As I am ushered out of the building in the Delhi suburbs I am told that an earthquake has been felt and we are to evacuate to a safe place. Most of us consider our homes our safe place, but they can be the real enemies in an earthquake. This was a magnitude 5.8 quake which had hit the north of India and one of three recent ones in the region around North India, Afghanistan and the Pakistan-Iran border area, the Pakistan-Iran quake of 24 April being the biggest at 7.8 and killing at least 35 people. With 1000s of homes destroyed by the quake, the question of how to make buildings earthquake proof is a very important one.
We know for the most part where earthquakes are likely to occur around the world. So called earthquake hot spots, which circle the globe around our plate margins, so why do we not make the buildings in these places safer? Well clearly economics, population pressures and poverty are big driving factors in many earthquake prone parts of the world. But even in countries like Italy, the rules of building regulations seem difficult to enforce, may even be subject to corruption, and show a clear lack of preparedness where scientists are considered more to blame than those responsible for recent buildings that collapse. The truth is that many earthquake deaths are preventable and that many more people will die in future earthquakes due to poor building standards. One can only hope that as communities rebuild after quakes, that good building practice is shared and even enforced to reduce future death tolls. Much of that really depends on the psychology and culture of the country affected.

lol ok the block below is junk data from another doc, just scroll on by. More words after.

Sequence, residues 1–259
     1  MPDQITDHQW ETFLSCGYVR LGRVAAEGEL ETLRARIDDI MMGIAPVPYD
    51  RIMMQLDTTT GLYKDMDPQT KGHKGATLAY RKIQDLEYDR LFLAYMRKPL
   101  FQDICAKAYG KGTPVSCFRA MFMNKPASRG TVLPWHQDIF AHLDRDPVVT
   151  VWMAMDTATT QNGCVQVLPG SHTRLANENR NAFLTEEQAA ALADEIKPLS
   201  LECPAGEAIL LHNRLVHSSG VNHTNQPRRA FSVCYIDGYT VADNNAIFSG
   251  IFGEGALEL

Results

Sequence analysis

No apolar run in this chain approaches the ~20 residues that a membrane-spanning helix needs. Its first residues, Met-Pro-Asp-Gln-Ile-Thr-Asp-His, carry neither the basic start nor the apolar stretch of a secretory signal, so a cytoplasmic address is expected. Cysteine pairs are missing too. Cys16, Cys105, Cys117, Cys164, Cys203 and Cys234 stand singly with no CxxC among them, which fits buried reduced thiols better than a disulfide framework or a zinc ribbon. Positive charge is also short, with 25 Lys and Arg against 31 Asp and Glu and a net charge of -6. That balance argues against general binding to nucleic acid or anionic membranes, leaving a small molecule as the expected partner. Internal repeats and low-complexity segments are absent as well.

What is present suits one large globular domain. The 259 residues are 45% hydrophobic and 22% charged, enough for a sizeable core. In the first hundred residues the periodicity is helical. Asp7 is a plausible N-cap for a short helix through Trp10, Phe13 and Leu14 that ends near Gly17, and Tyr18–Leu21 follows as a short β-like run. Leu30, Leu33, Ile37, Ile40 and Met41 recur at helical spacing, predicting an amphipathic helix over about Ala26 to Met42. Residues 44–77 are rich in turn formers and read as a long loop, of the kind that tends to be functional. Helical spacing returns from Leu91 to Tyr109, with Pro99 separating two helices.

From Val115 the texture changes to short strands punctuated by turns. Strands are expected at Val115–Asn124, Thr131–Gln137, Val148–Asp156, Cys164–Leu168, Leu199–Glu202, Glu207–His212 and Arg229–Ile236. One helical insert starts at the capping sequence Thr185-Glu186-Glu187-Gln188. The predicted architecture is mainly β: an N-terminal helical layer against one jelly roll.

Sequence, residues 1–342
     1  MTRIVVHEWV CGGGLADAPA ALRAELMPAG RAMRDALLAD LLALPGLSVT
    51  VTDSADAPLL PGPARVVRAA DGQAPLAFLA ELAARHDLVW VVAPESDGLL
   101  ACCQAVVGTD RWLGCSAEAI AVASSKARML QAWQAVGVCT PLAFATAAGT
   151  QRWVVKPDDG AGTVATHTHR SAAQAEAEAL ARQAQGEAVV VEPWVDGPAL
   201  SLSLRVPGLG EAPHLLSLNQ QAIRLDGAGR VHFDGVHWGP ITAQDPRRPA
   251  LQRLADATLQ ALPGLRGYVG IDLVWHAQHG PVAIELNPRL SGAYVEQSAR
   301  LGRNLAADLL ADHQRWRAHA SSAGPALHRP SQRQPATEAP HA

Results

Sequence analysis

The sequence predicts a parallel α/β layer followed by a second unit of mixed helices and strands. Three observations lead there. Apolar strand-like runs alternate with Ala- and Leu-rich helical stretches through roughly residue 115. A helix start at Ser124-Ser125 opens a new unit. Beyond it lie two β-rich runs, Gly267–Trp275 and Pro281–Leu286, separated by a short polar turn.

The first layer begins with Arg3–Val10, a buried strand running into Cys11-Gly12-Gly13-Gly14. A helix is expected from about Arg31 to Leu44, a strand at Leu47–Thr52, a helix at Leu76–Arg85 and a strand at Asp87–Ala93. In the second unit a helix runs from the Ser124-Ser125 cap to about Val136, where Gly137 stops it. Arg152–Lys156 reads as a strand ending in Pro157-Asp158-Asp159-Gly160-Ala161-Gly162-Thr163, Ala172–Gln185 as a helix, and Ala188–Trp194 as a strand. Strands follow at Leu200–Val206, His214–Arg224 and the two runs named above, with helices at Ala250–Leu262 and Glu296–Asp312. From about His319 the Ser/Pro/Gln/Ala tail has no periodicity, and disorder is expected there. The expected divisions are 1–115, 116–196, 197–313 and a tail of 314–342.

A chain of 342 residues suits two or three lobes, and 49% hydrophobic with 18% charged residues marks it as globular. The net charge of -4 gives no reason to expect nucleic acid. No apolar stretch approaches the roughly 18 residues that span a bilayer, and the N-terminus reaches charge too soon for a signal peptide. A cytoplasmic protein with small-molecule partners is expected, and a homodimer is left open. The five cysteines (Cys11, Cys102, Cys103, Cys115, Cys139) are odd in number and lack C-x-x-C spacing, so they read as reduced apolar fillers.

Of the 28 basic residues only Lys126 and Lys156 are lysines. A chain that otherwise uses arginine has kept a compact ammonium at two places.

In a recent visit to Japan, I was able to see just how serious they take the threat of Earthquakes. How well they go about passing on knowledge and education to their population on what to do in the event of an earth quake, and how new and old building alike have been designed to withstand the shaking ground. One of the worlds tallest buildings, the Tokyo Skytree, takes its earthquake proof design tips from some of Japans oldest buildings, the Pagoda Temples. It is deep in the culture of Japan that you learn from the past and what your elders have to say, and this is born out in the way they educate their children to be as aware of Japan's natural hazards as to the hazards of crossing the road. So when you are next away from home and the ground starts shaking, would you know what to do in an earthquake?
Dougal has been recently filming for series 2 of the CBBC show Fierce Earth, and is part of the Centre for Earth Evolution and Dynamics (CEED) at the University of Oslo.
Follow Professor Dougal Jerram on Twitter: www.twitter.com/dougalearth